Microtubules are biological polymers that alternate between periods of growth and shrinkage. This process, termed dynamic instability by its discovers Mitchison and Kirshner, is crucial for microtubule length regulation, for the exploration of intracellular space, and for cellular force generation. Despite its central role in cell biology, dynamic instability is poorly understood. For example, the GTP-cap, which is thought to regulate catastrophe, the transition from growth to shrinkage, has never been visualized on dynamic microtubules.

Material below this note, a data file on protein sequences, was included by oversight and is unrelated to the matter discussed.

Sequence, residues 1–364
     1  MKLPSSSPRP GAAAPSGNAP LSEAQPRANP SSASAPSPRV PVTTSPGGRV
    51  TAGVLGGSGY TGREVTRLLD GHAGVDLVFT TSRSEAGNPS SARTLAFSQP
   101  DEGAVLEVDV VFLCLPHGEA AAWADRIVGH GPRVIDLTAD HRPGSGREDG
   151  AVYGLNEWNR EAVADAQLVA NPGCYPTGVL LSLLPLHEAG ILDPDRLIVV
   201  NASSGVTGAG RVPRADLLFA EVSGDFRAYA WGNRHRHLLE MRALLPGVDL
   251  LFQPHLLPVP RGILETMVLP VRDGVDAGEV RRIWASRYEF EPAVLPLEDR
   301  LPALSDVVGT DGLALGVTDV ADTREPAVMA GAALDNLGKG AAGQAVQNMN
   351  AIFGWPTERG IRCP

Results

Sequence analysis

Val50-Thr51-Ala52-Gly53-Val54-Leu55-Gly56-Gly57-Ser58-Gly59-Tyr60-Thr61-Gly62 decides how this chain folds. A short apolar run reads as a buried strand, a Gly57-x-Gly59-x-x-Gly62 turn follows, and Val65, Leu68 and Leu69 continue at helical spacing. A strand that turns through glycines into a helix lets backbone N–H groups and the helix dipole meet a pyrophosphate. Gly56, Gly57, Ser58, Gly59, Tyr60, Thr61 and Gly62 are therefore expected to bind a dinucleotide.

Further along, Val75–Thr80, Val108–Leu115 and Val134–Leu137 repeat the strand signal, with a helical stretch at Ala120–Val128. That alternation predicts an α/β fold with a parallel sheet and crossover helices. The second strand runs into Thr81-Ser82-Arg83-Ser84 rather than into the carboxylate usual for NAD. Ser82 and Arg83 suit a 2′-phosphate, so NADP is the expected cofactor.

We are advancing the field by bringing three new approaches to the problem. First, we have developed assays to study microtubule dynamics using single-molecule techniques: total-internal reflection fluorescence microscopy (Brouhard et al. 2008, and see right for motors moving along a microtubule) and optical tweezers (Bormuth et al. 2009, Jannasch et al. 2013, Trushko et al. 2013). Second, we have used these assays to figure out how microtubule-associated proteins regulate microtubule dynamics. We have shown how depolymerizing kinesins target microtubule ends and couple ATP hydrolysis to microtubule shortening (Helenius et al. 2006, Varga et a. 2006, 2009, Friel and Howard 2011); we discovered that XMAP215 is a processive polymerase (Brouhard et al. 2008, Widlund et al. 2011); and we found that the end-binding protein EB1 recognizes the nucleotide state of tubulin (Zanic et al. 2009) to increase catastrophe and to synergize with XMAP215 to increase microtubule growth rates (Zanic et al. 2013). The third approach is to use theory to gain insight into microtubule length control (Varga et al. 2009), the catastrophe switch (Gardner et al. 2011, Bowne-Anderson et al. 2013) and the collective properties of motor proteins (Leduc et al. 2012).